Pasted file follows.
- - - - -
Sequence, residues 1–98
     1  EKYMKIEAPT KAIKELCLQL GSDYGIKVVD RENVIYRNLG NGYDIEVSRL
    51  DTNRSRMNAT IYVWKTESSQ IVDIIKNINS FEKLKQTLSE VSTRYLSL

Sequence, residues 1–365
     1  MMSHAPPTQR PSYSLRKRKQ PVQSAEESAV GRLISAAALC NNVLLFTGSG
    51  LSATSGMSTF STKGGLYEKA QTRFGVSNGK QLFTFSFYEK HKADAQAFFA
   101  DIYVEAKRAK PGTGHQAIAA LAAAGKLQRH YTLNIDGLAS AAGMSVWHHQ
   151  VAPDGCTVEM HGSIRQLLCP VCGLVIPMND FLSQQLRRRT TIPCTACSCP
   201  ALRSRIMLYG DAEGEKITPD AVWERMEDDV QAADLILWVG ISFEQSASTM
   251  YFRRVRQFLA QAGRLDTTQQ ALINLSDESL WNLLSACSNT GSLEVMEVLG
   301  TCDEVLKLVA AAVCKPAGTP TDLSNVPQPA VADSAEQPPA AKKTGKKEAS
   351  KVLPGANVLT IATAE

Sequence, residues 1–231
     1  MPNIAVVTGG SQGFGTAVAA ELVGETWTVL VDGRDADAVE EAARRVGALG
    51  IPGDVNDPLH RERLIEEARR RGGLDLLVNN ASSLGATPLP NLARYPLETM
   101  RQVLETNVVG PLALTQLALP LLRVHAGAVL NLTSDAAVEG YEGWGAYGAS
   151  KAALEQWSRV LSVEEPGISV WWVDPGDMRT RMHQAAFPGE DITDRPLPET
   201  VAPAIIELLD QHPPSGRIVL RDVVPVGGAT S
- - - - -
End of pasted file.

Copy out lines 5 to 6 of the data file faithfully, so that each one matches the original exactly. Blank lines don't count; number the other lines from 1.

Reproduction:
     1  MMSHAPPTQR PSYSLRKRKQ PVQSAEESAV GRLISAAALC NNVLLFTGSG
    51  LSATSGMSTF STKGGLYEKA QTRFGVSNGK QLFTFSFYEK HKADAQAFFA